A young Asian woman was killed almost three weeks ago in September, and still no one seems to know who she was. I'm not, of course, talking about Yale graduate student Annie Le.
Her name was Lee, one letter removed from "Le," Felicia Lee, to be exact. Professionally, the Singapore-born, Australia-raised 31 year-old went by Felicia Tang, and in addition to having bit parts in Rush Hour 2 and The Fast and the Furious, she had appeared on Playboy TV and in adult films like Hotel Decadence and Asian Fever. In 2003, she was in an online erotic video with Tila Tequila where they fondled each other in a pool. In some reports, she has been described as a "porn star," but her career in adult entertainment does not appear to have been that extensive. Most recently, it was reported that Lee was working towards getting her real estate license.
She was found in the apartment she shared with her boyfriend, Brian Randone, on September 11 in Monrovia, CA, east of LA, beaten and choked, after Randone had called 911 to report that she wasn't breathing. Randone, who has been described as a "self-styled preacher," a "Christian mime," a "former reality TV contestant" and a "pageant contestant"--having appeared on the 2000 Fox show The Sexiest Bachelor in America--was arrested within hours and charged four days later with killing and "torturing" Lee. The torture charges stemmed from the severity of Lee's injuries, which were described as "gruesome" by the Superior Court Judge who arraigned Randone Tuesday, and from evidence that Lee had suffered dozens of these injuries in the 24 hours before she died.
As much as the details of Lee's life and death, true or inflated, would seem sensational enough (porn, Hollywood, torture, a pretty victim) for widespread media coverage, unlike Annie Le's murder, Lee's has largely failed to capture the public's imagination. In the week following her murder, only a scattering of newspapers and media outlets had actually bothered to report it. The San Gabriel Valley Tribune wrote a story about it on September 15 (Monrovia is in the SGV). The San Jose Mercury News posted one on the 16th. The LA Times Local section penned a blog post on the 17th. The closest thing to a national media outlet to report on Lee's death in that first week was CBS News' Crimesider blog, described as "The True Crime Destination from the Producers of 48 Hours Mystery," which published a story on September 18 entitled "The Preacher and the Porn Star, the Tragic Story of Felicia Tang Lee (Photos)." Within that same timeframe, several Chinese-language newspapers also picked up the story.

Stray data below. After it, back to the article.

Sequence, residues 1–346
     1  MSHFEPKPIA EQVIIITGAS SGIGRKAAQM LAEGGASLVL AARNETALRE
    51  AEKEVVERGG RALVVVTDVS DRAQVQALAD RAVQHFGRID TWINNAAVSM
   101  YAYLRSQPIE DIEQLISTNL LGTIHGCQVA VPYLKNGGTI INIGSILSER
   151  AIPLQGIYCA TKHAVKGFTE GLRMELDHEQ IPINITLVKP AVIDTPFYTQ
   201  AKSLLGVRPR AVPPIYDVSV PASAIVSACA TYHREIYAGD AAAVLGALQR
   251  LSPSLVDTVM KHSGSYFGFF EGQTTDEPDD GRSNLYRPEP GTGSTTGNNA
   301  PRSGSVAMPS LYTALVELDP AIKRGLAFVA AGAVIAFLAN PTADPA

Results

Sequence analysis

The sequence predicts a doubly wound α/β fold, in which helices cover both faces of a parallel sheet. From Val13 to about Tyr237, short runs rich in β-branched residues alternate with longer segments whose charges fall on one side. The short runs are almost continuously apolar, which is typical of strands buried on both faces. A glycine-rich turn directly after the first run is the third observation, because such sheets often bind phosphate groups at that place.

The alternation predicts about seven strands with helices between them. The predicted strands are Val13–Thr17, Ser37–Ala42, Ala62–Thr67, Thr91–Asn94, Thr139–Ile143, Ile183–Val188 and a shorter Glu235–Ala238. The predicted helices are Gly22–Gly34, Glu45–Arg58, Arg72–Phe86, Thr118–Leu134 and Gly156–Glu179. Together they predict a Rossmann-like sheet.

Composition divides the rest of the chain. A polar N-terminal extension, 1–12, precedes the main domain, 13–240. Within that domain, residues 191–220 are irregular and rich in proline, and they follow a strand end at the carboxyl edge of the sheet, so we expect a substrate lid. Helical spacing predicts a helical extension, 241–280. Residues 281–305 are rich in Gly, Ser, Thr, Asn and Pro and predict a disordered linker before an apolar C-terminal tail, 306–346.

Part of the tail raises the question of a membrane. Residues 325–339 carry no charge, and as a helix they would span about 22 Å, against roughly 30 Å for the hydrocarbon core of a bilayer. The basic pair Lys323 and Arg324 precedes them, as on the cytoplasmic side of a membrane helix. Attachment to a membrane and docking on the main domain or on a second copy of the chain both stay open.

To understand why Felicia Lee's murder has had less media "value" than Annie Le's, I re-read Joan Didion's "Sentimental Journeys," from her 1992 collection Ask Henry, in which she examined the way the media covers crime vis-a-vis the Central Park Jogger case. In the essay, Didion writes that the "preferred tabloid (crime) victim" is someone who's "presented as fate's random choice," "attended an expensive school" and/or "been employed in a glamour industry." Annie Le--high school valedictorian, Yale graduate student, fiancee of her college sweetheart--certainly fit that bill. Felicia Lee--topless model, adult film actress, girlfriend to the man who allegedly murdered her, whom she met around the Las Vegas MGM Grand swimming pool in April--did not.
To that point, it was a full two weeks after Lee's murder, on September 25, before the Associated Press finally got around to reporting it. By that time, about 600 articles could be found online about her death. Contrast that with the tens of thousands of stories about Annie Le, whose body was found two days after Lee's.
Shortly thereafter, the blogosphere got around to reporting it, too. But only to an extent. The blog posts that have emerged haven't focused on Lee so much as they have on her boyfriend and alleged killer, Randone. The fact that he was on a reality TV show--albeit 9 years ago--has given the story legs. The fact that another reality TV contestant, Ryan Jenkins, killed his lover recently, has made the story run. And since two murders with perceived similar circumstances--however tenuous--were committed within a month of one another, the story's suddenly become "news," in the way that Didion described it, in that it now offers "however erroneously, a story, a lesson, a high concept."
On Sunday, September 27, 16 days after Lee's murder, Gawker spelled out exactly what that story, lesson, and high concept was in the post, "Another Reality TV Contestant Accused of Murder, But There's a Twist!":
"So, the lesson here: America's popular culture, not the four horsemen, will spark the apocalypse. Also, if you meet someone who's been on a reality star, run, because they will kill you."
Let's re-phrase. So, the lesson here: the story of Felicia Lee's murder isn't about Felicia Lee at all. It doesn't matter if she was a "porn star" or a "a human being, a daughter, a sister, a friend to many who continue to love and honor her," as the Lee family described her in a statement to the LA Times. (My god, to have to remind the world that your murdered loved one was a "human being.") She isn't, as it turns out, the story, the lesson, or the high concept. What an odd thing it is, to have to be cut out of your own narrative, in order for it to be told.
How will Donald Trump’s first 100 days impact YOU? Subscribe, choose the community that you most identify with or want to learn more about and we’ll send you the news that matters most once a week throughout Trump’s first 100 days in office. Learn more